The nature of the experiment is not immediately discussed, but it involves a machine that makes a really upsetting noise. It turns out that the lad was trying to build a machine to let him talk to his dead wife, but he ends up making something much, much worse.

I quite enjoyed this book, but it’s very slow. The whole thing occurs over the period of 3 days or so, and I’m sure big chunks could have been cut. I enjoyed the brooding atmosphere though, and I found this one a bit creepier than To Walk the Night.

The supernatural elements of both books are not explicitly defined, and I think this is why these books get categorised as “cosmic horror”. They’re good. You should read them.

Elizabeth Massie’s Sineater

Sineater – Elizabeth Massie

Carroll & Graf – 1994 (Originally published 1992)

Avery Barker is a sineater, a man who ritually cleanses dead bodies of sin by eating a meal off their chest. He lives just outside of Beacon Cove, a small, extremely religious community in the mountains of Virginia. The service he offers is extremely important to this community, but it also renders him and his family as outcasts. The rest of the community believe that just looking at the sineater would be enough to kill a person. Unfortunately for everyone, Missy Campbell, the religious leader of the community, has gotten it into her head that the sineater has consumed too much sin and gone mad. Very bad things start happening, and it’s unclear as to who’s responsible.

The story centers around Joel, Avery’s youngest son and the only Barker to attend school. To make things complicated, he becomes friendly with Missy’s nephew, Burke. Joel is such a sympathetic character that I spent the whole book dreading that something bad would happen to him. It’s pretty obvious from the get-go that this book isn’t going to end happily.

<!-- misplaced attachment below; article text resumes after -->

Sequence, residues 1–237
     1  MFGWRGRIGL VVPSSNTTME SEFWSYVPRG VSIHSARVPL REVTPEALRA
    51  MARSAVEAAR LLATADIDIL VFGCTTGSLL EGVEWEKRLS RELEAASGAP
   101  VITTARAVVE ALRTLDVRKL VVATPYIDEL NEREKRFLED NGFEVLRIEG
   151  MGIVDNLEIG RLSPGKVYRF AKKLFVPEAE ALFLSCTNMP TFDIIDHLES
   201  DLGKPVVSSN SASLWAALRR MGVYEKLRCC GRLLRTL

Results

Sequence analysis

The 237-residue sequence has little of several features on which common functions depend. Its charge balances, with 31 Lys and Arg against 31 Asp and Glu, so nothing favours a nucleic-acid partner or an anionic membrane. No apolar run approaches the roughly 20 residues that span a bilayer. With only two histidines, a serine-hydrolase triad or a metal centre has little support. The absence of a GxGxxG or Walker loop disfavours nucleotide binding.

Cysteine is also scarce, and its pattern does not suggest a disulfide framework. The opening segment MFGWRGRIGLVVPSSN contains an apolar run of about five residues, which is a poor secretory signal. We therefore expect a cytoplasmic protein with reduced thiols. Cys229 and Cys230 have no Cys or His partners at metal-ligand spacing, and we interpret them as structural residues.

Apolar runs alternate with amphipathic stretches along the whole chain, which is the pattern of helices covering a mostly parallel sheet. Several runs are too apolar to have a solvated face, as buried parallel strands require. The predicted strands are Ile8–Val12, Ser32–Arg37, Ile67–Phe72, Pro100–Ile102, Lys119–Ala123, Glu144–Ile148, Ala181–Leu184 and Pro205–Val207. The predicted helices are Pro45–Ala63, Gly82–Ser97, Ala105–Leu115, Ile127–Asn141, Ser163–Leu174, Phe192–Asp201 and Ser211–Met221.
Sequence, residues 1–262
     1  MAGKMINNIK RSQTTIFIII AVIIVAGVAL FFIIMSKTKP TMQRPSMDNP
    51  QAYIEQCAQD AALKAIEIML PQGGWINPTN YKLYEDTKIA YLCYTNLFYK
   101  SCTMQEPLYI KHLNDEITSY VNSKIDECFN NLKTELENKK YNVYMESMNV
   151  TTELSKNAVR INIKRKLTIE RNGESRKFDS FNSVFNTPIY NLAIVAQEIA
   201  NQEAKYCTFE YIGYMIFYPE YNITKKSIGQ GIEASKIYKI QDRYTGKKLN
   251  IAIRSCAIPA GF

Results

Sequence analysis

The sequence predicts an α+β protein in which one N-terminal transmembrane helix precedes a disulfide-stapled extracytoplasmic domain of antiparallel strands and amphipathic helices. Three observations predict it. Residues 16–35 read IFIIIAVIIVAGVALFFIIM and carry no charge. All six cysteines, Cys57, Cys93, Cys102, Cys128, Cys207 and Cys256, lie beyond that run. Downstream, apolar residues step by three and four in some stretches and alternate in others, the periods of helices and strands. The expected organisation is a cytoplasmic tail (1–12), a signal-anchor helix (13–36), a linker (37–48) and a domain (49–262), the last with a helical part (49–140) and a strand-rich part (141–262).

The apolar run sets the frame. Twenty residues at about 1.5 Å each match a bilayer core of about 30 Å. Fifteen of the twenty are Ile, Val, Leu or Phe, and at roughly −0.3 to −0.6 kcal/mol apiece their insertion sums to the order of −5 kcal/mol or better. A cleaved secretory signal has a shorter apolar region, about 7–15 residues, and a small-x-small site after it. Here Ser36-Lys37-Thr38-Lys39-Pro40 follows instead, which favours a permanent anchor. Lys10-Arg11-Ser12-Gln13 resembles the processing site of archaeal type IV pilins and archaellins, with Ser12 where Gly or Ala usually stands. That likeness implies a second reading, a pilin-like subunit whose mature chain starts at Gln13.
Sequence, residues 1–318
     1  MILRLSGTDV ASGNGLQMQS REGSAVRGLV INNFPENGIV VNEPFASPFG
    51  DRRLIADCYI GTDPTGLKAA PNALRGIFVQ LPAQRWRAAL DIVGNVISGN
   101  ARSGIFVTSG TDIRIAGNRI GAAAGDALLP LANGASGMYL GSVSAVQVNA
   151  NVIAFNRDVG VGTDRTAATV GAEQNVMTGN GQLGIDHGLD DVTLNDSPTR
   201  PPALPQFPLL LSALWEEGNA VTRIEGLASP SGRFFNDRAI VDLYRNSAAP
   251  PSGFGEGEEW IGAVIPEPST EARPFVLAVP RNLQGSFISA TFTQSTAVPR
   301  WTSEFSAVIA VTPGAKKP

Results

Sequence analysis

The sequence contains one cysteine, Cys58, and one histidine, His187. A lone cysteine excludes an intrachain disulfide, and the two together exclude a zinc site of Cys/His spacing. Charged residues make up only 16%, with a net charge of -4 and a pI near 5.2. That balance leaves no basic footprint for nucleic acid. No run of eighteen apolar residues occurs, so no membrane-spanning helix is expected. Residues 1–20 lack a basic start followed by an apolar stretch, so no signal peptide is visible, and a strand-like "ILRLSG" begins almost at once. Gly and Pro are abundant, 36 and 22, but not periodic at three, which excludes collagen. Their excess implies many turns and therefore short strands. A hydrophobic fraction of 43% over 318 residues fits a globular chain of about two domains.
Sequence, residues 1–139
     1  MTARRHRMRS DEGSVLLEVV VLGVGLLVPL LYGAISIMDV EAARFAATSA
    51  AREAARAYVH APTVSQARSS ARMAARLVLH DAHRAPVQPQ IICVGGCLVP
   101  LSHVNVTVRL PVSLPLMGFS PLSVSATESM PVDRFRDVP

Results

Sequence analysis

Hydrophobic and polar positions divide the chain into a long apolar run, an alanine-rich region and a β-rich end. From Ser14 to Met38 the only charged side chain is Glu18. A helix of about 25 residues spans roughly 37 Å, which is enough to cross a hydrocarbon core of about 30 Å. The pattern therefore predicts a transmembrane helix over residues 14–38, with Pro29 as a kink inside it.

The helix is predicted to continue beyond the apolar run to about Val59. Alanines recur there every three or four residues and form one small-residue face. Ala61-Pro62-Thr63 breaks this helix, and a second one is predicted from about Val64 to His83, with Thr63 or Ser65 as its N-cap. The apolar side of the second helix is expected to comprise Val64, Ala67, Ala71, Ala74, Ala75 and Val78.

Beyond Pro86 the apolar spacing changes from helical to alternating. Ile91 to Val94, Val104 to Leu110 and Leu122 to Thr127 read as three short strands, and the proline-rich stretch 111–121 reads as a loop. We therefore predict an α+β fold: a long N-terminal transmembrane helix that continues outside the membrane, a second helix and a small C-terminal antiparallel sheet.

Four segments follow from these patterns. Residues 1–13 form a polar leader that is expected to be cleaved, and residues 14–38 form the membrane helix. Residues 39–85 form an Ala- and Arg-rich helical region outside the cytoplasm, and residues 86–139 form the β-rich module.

I really enjoyed Sineater. It’s dark, and parts of it are very gross, but the story is good, and the characters are fun.

Apparently sineaters were a real thing in parts of Britain. I don’t think they were ever shunned to the extent that Avery is in this book though.

Afraid: Tidbits of the Macabre
Crossroads Press – 2011

I read Massie’s collection Afraid: Tidbits of the Macabre a few months ago. I didn’t write anything down about it after reading it, but I remember quite a few stories about people locked in basements. It also had a weird story about a body part, I honestly can’t remember which, vacating its body. Cool. I enjoyed the collection well enough to want to read more of Massie’s work. Sineater was even better, and I plan to read more of her books in the future.

Unfortunately, Elizabeth Massie was diagnosed with non-Hodgkins lymphoma last year. It seems that she is recovering, but she lives in one of those countries where people have to pay for medical care. There is a gofundme page set up where people can donate to help with her medical costs. Help out if you can.